It had been Suyesh’s routine to discuss each day’s matters with all his supporters and advisers. They sat on a large wooden dining table. Mangala would serve dinner and wine quietly and efficiently. These days mostly there were security and violence related problems. Everyone was concerned about Suyesh’s followers. A villager who was attacked on his way back home had succumbed to his injury. His funeral was attended by Suyesh and all his close men. During the last rites some young people threw stones at the King’s soldiers shouting, ‘killers killers’. They were taken by surprise and had to retreat. But this made the battle lines even more clear. Now every one of Suyesh’s followers was marked and was being persecuted. They were being harassed for taxes. Their properties were being confiscated.

It was high time a tough decision was taken by Suyesh and his advisers in order to solve this tangle with king’s men. So many innocent people cannot be allowed to get killed or even hurt. It was decided to send a senior person as a messenger or ambassador to King’s court to discuss matters amicably. But before he could put his point across, he was arrested and put behind bars. No one ever saw him again. This was a big loss to Suyesh’s think tank.

In the next supper meeting it was decided that the all discourses be suspended until further notice. Innocent villagers were getting hurt in so many different ways. It was totally unfair. Suyesh’s personal message, ‘there will be no meetings, until further notice’, was sent to all residing near and far through a chain of messengers. The villagers now were to follow regimen of Suyesh’s teaching inside their homes only. While outside, the soldiers with bare swords were combing the area to find their unarmed enemies. The war was in the open.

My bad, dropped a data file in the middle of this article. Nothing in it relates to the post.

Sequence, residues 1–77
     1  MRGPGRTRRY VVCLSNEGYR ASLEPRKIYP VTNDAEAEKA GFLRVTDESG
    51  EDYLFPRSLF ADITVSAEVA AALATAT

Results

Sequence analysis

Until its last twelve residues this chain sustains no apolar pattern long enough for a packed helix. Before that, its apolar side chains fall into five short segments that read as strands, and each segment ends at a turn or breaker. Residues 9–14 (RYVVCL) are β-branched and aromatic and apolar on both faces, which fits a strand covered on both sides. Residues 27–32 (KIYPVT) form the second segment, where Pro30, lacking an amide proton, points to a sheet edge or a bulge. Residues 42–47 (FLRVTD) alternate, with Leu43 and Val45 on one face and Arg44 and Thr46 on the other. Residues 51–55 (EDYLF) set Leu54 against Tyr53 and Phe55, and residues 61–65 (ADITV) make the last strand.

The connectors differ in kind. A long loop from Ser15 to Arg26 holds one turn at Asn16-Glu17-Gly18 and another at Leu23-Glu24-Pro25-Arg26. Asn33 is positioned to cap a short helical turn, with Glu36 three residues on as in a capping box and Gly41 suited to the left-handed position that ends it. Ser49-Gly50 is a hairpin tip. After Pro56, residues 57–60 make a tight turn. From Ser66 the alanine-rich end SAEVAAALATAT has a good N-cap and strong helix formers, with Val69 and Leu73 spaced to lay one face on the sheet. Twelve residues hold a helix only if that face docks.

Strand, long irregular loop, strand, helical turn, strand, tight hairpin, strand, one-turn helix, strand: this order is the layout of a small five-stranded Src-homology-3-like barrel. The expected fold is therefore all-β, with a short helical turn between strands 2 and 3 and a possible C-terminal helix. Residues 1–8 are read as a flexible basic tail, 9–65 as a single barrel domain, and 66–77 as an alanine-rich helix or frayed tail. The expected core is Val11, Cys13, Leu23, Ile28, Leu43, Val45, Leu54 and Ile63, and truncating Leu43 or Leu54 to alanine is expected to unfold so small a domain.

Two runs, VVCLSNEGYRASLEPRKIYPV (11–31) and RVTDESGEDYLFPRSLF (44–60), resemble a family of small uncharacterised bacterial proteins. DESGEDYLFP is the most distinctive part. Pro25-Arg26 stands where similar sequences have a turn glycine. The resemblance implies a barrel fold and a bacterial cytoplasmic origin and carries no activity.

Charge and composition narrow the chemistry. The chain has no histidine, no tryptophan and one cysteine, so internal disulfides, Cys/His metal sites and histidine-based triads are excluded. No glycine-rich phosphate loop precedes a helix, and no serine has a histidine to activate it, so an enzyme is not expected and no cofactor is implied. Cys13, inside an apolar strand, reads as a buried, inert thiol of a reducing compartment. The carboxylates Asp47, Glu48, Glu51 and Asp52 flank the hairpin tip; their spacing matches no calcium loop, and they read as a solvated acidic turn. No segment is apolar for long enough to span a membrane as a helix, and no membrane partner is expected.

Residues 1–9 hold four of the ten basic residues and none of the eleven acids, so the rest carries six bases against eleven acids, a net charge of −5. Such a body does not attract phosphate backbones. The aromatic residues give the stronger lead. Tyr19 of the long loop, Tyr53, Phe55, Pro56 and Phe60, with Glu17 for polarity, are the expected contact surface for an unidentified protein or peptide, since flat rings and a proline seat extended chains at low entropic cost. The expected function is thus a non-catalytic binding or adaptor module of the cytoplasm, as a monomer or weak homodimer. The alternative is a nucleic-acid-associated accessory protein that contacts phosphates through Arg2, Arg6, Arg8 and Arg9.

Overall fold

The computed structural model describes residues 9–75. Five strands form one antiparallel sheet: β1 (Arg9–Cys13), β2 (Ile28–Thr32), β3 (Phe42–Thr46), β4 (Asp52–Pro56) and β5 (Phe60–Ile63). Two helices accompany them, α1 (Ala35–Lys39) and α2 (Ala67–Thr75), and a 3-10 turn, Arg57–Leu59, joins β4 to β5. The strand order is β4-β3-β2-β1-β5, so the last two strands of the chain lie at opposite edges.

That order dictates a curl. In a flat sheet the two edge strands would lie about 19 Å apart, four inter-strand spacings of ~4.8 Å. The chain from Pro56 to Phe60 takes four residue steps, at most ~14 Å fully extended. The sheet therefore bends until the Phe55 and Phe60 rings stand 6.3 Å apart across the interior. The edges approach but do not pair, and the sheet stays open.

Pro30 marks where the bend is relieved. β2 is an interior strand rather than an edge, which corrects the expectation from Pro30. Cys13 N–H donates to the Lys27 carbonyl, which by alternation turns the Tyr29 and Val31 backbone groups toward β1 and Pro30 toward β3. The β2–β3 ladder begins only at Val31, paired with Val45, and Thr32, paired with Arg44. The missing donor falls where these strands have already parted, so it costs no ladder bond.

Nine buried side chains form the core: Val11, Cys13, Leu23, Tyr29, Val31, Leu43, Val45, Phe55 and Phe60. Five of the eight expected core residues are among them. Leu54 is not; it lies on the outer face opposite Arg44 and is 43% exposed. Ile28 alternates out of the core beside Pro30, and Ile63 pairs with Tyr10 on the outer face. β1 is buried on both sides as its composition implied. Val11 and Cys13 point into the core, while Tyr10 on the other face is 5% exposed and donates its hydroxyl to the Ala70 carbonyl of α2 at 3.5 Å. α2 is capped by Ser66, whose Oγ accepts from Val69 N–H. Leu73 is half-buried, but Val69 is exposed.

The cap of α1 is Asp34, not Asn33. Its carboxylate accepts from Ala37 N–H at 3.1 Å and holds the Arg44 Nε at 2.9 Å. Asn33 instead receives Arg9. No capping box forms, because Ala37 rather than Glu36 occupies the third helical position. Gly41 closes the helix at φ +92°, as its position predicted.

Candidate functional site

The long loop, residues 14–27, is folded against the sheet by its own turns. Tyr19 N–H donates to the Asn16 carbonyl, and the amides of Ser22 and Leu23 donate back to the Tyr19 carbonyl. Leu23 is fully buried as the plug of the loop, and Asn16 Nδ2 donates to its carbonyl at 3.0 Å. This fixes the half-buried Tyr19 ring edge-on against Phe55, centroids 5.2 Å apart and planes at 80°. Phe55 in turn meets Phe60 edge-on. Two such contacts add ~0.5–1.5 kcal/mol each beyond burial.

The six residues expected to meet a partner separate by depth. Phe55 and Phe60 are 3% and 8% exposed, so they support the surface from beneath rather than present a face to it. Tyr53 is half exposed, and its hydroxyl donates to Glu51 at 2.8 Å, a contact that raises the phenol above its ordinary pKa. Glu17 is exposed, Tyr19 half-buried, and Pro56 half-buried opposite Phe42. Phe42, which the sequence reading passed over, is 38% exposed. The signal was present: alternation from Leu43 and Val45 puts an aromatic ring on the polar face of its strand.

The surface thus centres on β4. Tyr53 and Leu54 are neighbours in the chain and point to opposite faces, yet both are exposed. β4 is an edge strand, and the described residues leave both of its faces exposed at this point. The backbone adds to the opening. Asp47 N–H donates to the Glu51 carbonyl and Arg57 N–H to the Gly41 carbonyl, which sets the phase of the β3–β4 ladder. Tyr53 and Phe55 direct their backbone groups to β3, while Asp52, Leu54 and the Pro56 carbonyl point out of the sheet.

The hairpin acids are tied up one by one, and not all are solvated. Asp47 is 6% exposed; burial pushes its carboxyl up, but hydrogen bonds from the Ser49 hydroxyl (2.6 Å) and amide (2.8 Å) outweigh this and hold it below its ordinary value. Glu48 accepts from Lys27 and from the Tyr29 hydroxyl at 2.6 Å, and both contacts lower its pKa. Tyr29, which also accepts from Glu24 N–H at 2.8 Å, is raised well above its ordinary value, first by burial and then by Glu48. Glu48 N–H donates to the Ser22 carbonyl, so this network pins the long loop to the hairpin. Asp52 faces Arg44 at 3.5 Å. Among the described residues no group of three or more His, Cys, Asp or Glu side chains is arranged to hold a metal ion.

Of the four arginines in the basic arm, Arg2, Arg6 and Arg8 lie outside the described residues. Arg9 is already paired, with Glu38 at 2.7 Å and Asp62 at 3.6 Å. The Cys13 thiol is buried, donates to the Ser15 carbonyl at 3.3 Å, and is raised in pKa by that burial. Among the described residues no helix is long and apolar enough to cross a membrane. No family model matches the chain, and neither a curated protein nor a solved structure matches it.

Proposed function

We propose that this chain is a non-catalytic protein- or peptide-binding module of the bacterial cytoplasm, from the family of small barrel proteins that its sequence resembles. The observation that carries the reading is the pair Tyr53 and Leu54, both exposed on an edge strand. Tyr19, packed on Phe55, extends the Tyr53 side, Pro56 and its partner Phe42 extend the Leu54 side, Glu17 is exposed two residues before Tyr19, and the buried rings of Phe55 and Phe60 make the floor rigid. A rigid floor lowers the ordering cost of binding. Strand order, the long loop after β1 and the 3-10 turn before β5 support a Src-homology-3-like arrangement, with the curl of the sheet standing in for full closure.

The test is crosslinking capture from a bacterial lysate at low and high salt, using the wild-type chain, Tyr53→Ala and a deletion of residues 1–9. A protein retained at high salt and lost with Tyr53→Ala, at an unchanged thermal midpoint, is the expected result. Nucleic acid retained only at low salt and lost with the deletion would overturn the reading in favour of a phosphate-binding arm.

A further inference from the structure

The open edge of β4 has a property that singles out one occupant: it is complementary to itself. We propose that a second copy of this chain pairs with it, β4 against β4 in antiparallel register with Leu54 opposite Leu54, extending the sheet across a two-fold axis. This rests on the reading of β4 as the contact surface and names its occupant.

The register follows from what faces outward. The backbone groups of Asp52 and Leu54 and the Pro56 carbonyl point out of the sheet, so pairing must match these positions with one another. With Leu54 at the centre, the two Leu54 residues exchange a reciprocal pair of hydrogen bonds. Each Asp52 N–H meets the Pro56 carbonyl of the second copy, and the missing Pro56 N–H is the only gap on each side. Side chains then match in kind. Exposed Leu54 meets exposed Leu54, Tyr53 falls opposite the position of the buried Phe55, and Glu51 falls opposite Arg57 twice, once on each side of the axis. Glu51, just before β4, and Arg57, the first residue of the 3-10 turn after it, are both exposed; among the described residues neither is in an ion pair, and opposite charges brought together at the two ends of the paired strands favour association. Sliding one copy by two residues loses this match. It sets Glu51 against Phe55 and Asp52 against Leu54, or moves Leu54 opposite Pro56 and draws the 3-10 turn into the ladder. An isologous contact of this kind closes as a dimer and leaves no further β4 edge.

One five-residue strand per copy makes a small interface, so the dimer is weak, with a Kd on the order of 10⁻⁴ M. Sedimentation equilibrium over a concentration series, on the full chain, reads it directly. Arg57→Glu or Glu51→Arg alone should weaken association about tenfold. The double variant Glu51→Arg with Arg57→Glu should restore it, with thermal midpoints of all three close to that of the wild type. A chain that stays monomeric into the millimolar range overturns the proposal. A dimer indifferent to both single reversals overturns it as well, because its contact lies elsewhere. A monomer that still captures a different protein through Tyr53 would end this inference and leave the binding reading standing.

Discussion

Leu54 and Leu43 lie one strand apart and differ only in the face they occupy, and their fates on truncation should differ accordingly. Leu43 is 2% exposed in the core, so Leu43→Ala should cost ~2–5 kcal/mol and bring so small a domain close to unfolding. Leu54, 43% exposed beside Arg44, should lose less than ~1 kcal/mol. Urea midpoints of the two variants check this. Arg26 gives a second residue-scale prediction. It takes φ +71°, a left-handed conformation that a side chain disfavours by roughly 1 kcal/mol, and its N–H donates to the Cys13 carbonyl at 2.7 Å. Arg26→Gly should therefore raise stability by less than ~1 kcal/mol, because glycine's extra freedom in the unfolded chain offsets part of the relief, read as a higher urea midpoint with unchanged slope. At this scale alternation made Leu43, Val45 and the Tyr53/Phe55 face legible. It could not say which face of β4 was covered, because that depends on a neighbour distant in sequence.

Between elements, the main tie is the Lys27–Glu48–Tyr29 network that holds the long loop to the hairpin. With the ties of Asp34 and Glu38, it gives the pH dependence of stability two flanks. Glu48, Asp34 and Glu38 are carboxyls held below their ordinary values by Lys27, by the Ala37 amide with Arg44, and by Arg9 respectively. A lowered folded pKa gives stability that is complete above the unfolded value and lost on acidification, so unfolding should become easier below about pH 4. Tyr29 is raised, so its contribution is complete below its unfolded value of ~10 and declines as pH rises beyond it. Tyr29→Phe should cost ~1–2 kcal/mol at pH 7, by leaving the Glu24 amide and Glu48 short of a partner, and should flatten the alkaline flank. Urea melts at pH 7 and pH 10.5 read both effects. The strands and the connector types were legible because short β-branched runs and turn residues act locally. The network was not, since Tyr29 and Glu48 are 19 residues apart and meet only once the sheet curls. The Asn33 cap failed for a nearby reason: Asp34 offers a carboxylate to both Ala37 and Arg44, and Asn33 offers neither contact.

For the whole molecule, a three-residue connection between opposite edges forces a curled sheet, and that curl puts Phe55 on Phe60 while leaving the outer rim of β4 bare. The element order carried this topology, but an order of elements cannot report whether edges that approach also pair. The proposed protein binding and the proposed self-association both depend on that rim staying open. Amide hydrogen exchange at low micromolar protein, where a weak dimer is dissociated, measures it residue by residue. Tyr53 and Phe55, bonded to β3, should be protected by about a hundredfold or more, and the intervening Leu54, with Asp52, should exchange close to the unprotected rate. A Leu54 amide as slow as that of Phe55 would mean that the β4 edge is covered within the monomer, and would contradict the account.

It was a gloomy evening in Suyesh’s hut. There were eleven of village’s most worried men sitting on the large wooden table. They had nothing better to do except glare blankly at the food and wine glasses. Breathing the air thick with tension; Mangala too was uncomfortable. She had been working extra hard to serve them. She could not bear to watch the faces of those strong and intelligent men feeling so completely helpless. She decided to stay at the back of everyone. All those intellectual minds did not have an answer to current situation. No one was speaking. No one was drinking and eating either. They were so static that all together they seemed like a painting. The most senior security adviser spoke, ‘we have to move out of here. Soon the soldiers will attack this hut.’ With this statement the existing pin drop silence became even heavier. Everyone’s minds were racing with various thoughts. After a short while the silence was broken again but this time, by Suyesh. He said, ‘I don’t know what must be the good reason; but one of us has betrayed me.’ This statement burst like a bomb inside the humble hut and started a flurry of activity on the table. Suyesh had never ever uttered a thing like this before. It was totally unbelievable. A traitor! One of them! Everyone was trying to look at others, to find hidden clues in the faces. Suyesh raised his hand in order to quiet everyone’s mind and added, ‘it did not matter as long as it put only me in trouble; but it is going to be very dangerous for each of us. I feel sorry for all of you. I ask for everyone’s forgiveness on his behalf.’ Now the security adviser got up with a firm, ‘let us go now.’ With this decisive announcement the last supper of Suyesh and his close friends was over.